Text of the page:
Blog

CSS Styling Tips for Beginners

A developer should always be able to present the final outcome in an attractive manner because what the end-user is going to feel first is the look and feel of the application. In that case, you need CSS to create an attractive interface that helps you with the first impression of the end-user. In this article, I’m going to explain some of the CSS tricks and tips.

Where to put Styles

As a frontend developer, you must be concerned about the size of the code because whenever you’re able to create a smaller application, it will load faster. It’s a known fact that the end-users don’t like slower applications. When you’re developing the frontend as modules, you can create a stylesheet for each module. But my suggestion is that you should not use such module wise stylesheet but rather use a common stylesheet. It’s always better to handle styles commonly.

Handling stylesheets commonly has two sides. On one side, it’s going to be a smaller one because common styles are not repeated everywhere. On the other side, it’s easy to make a systemwide change because you don’t have to change each and every stylesheet when you have only one.

Common Style Handling

There’re a few things that you should know when handling a common stylesheet.

1. Variable Style Handling

When you’re building a UI, most common values such as colors, padding, etc. can be stored as variables in the stylesheet.

:root{
--primary-color: #3f51b5;
--secondary-color: #009688;
--text-color: #fff;
--text-hover-color: #000;
--default-padding: 15px;
}

Here :root is the root element of the document which is <html></html> in an HTML page. You can use both :root and body selectors to select the global scope.

The variable name must begin with two dashes (--) and it’s case sensitive. You can use the variable using var(variable, fallback_value)function. The fallback value here is an optional one which used to give a default value to appear when the variable property is invalid.

.btn-primary{
background-color: var(--primary-color);
color: var(--text-color);
}
.container{
padding: var(--default-padding);
}

The beauty of this method is that if you need to change the theme of the web application, you don’t have to change each and every style but simply change the variables.

2. Styling with a Hierarchy

As mentioned before when creating a stylesheet, it should be as small as possible because it will affect the speed of the web application. So you will have to consider avoiding style repeats.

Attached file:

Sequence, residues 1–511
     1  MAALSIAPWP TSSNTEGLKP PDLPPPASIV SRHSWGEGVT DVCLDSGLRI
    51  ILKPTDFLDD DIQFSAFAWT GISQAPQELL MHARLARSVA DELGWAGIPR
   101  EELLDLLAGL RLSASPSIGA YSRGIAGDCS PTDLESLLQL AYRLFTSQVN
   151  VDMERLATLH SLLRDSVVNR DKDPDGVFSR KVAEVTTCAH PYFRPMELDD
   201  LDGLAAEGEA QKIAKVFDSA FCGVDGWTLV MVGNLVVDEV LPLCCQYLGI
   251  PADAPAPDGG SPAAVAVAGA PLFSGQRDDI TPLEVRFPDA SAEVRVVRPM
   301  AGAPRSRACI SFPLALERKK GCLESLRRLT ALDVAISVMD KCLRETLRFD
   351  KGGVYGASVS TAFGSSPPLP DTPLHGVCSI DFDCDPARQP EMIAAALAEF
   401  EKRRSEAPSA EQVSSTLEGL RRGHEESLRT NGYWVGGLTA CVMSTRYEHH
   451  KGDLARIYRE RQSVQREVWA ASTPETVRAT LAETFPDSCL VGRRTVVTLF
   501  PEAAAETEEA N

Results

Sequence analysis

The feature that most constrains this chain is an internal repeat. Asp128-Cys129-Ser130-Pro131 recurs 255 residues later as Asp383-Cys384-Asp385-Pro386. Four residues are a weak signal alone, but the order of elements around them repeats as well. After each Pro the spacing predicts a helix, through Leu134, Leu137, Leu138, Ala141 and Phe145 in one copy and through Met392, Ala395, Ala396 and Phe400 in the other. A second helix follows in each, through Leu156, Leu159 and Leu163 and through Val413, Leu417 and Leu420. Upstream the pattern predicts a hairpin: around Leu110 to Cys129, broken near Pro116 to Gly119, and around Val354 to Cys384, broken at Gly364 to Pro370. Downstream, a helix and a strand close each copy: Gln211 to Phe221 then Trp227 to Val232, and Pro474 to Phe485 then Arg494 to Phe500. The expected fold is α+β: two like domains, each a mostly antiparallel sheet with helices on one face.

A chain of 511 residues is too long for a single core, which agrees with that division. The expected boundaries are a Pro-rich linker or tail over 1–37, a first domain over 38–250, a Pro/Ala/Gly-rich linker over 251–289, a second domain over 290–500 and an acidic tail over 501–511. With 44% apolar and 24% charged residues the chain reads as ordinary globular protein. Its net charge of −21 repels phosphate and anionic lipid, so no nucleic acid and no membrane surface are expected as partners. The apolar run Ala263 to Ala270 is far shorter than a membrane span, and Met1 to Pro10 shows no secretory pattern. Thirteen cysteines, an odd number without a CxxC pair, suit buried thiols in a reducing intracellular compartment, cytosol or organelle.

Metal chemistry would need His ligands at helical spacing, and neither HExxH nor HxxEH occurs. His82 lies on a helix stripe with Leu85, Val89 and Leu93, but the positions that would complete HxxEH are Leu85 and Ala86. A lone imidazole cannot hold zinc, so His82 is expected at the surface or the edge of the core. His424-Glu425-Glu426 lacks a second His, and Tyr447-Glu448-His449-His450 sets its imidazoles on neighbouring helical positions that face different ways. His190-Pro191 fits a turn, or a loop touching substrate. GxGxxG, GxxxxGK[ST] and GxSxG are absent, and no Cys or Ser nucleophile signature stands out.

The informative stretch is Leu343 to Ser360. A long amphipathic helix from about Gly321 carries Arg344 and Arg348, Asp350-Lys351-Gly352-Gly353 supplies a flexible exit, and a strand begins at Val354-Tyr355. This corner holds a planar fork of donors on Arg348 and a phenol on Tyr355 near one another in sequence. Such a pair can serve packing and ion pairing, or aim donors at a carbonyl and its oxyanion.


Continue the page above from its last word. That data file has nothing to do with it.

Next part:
Let me take a code segment example,

<body>
<div class="container">Test Code</div>
</body>

with the below example styles:

.container{
padding: 15px;
width: 80%;
height: 100%;
background-color: #ccc;
color: #000;
margin: 0 auto;
text-align: center;
}
.container:hover{
padding: 15px;
width: 80%;
height: 100%;
background-color: #000;
color: #fff;
margin: 0 auto;
text-align: center;
}

For this code, you will get a result as follows

Example in Hierarchical Styling

Hierarchical Styling Example

Hierarchical Styling Example Hover

Now if you inspect the styles in hover mode, you can see that the hover styles have overwritten the existing styles.

Inspect styles

Inspect styles

Here I have changed only two styles in the hover, but I have repeated all the other styles. That will not be required since the browser is going to apply the first style and then overwrite it from the next one. You only need to use changed styles in an event like this.

My point here is that you should maintain a proper hierarchy when applying styles to avoid style repeats. So my suggestion is to keep all the common styles at the top level and then use the styles that are needed to be changed only in the next levels such as hover, active, media queries, etc.

3. Usage of Media Queries

Responsiveness in a web application is somewhat a requirement these days. So when you’re putting media queries in a common stylesheet, my suggestion is not to put media queries everywhere but at the bottom of the stylesheet. So when the screen size has been changed, your media query will overwrite the default style set.

One more thing you should know here is that the styles are applied from the top of the stylesheet to the bottom. There’re exceptions when you’re going to use different CSS selectors, but basically, they’re working like that.

Here’s an example set of media queries that I’m using,

/*
* Default Styles
*/

/*
* Device = Laptops, Desktops (Full HD)
* Screen = 1367px or higher resolution desktops
*/
@media (min-width: 1367px) { }

/*
* Device = Laptops, Desktops (HD)
* Screen = 1281px or higher resolution desktops
*/
@media (min-width: 1281px) and (max-width: 1366px) { }

/*
* Device = Laptops, Desktops
* Screen = 1025px to 1280px
*/
@media (min-width: 1025px) and (max-width: 1280px) { }

/*
* Device = iPad Pro (Portrait)
* Screen = 1024px to 1366px
*/
@media (min-width: 1025px) and (max-height: 1366px) and (orientation: portrait) { }

/*
* Device = Tablets, iPads (Portrait)
* Screen = 768px to 1024px
*/
@media (min-width: 768px) and (max-width: 1024px) and (orientation: portrait) {
@media (min-width: 991px) { }
@media (max-width: 990px) { }
}

/*
* Device = Tablets, iPads (Landscape)
* Screen = 768px to 1024px
*/